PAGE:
If you’re afflicted by any part of this terrible trio, then I imagine you’re waiting for the day when your concentration, focus, ease of sleep, and energy return to normal! Let’s give you a little more detail on how our approach results in alleviation of headaches, jaw and neck pain, ear ringing, and even reduction of teeth grinding.
Factors like stress, anxiety, sleeplessness, and generally being overworked all contribute to a sympathetic nervous system dominance. The fight-flight mode becomes too pervasive and overrides our body’s ability to move back into the normal state of a parasympathetic (relaxed) nervous system. Our doctors train our patients in a number of appropriate exercises that incorporate eye movements, balance, and breathing techniques.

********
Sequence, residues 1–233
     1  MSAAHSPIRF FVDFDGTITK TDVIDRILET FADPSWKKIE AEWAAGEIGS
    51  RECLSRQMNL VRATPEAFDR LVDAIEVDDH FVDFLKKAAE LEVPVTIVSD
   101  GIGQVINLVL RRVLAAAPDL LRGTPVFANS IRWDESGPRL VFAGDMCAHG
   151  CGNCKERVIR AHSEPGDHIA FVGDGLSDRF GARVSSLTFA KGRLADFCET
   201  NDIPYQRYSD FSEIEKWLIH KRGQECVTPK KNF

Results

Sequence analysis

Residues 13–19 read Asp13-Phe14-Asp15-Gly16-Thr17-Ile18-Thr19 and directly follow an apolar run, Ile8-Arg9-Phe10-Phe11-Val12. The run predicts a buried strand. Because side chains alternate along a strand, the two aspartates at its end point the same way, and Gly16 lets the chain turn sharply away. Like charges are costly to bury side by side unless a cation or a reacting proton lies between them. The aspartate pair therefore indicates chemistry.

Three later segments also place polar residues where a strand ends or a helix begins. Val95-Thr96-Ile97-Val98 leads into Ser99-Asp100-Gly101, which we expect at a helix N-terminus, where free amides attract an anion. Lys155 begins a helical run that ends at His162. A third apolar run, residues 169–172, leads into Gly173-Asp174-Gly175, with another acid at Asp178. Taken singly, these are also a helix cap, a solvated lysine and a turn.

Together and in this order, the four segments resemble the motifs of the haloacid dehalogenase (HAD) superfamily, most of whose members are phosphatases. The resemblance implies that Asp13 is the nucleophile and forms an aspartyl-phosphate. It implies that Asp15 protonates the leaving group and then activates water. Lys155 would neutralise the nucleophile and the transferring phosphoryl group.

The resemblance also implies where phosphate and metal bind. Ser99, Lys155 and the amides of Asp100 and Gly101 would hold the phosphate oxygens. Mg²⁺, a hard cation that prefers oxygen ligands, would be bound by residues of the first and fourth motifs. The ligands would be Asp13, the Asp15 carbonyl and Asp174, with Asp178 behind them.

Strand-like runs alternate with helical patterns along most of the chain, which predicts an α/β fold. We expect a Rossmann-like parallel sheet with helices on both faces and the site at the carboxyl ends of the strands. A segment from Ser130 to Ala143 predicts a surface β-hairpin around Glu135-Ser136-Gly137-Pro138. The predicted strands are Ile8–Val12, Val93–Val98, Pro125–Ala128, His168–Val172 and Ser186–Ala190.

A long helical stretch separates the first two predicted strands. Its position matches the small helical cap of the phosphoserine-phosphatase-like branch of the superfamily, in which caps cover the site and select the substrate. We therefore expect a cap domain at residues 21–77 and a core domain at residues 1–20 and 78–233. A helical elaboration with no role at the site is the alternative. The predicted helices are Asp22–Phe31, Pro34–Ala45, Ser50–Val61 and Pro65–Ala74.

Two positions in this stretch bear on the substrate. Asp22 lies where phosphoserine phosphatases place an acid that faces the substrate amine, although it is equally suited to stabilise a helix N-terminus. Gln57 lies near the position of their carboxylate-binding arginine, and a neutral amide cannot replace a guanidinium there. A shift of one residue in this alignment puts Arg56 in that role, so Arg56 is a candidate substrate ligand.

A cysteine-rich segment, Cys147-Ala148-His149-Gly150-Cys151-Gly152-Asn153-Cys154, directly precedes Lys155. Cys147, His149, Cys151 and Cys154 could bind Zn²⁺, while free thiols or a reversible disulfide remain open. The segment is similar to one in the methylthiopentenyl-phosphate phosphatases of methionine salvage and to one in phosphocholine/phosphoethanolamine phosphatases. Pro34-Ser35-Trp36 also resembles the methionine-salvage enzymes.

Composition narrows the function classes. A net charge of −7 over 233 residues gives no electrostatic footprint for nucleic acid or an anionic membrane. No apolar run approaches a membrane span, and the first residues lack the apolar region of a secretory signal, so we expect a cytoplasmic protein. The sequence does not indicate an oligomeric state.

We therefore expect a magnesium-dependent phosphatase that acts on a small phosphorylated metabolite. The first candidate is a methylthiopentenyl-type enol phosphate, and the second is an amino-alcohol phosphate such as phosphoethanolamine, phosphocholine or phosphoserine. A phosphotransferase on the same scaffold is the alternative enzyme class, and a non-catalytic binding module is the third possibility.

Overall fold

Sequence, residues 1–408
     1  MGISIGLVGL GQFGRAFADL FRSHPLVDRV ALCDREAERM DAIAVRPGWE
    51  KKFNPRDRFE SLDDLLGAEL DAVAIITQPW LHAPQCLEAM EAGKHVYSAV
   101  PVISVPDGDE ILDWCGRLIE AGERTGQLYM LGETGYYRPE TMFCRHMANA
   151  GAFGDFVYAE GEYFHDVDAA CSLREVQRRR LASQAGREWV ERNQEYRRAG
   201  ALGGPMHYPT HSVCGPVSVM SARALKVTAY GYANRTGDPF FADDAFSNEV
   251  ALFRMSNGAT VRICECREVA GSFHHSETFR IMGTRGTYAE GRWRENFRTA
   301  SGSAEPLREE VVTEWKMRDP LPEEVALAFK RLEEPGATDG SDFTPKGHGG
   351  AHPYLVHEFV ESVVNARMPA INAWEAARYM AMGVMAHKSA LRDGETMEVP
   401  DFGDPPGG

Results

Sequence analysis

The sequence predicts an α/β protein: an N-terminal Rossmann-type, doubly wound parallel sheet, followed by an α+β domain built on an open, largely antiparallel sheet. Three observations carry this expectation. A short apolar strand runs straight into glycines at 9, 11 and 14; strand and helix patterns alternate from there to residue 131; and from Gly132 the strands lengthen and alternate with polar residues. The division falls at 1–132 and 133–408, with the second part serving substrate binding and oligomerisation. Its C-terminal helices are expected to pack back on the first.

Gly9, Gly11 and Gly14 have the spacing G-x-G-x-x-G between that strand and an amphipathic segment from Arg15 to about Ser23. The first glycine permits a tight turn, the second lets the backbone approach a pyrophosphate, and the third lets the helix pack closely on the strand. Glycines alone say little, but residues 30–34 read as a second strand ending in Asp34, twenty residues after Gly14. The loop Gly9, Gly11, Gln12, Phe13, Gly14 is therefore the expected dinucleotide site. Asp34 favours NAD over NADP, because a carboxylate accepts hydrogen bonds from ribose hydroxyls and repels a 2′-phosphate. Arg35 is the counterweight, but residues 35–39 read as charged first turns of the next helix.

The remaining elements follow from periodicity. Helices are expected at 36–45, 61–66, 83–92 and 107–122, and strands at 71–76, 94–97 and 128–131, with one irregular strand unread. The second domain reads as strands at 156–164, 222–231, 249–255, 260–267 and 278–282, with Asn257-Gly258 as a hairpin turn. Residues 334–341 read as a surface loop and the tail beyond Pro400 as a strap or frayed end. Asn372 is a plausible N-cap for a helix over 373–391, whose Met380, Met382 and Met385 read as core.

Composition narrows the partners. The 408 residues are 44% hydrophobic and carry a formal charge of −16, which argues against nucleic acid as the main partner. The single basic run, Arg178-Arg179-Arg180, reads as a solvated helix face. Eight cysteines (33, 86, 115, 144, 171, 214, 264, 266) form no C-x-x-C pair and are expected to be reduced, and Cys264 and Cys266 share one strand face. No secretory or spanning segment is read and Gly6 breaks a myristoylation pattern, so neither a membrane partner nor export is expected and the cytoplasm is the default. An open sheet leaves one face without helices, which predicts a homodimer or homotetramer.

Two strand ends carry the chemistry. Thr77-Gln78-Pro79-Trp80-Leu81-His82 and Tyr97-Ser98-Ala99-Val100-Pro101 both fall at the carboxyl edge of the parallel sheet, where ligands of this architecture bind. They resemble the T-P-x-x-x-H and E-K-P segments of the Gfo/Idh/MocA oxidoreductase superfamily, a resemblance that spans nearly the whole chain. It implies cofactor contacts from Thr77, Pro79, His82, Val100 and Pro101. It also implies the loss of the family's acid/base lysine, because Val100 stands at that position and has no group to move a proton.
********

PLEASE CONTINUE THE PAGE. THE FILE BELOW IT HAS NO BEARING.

In order to break the cycle of muscle spasm, your body needs to receive the appropriate therapeutic contact. AMR (a technique called Advanced Muscle Reconditioning) works extremely well for these patients. It’s a hands-on therapy technique that relaxes the muscle trigger points that are commonly found around your head, neck and jaw. Sometimes, thickened adhesions build up in the muscles which renders them both tight and weak. For this problem, we often use a light scraping technique with Graston instruments.
Skeletal or Joint Approach
Chiropractic adjustments, or slower mobilizations, are usually the final step in a typical treatment session. In order to improve and render pain-free neck and jaw ranges of motion, our docs use their hands to apply the right amount of torque into a neck and/or head joint. Decades of academic research supports the observation that patients who receive chiropractic adjustments experience a calming input to their nervous systems and a relaxation of guarding muscle spasms around those joints.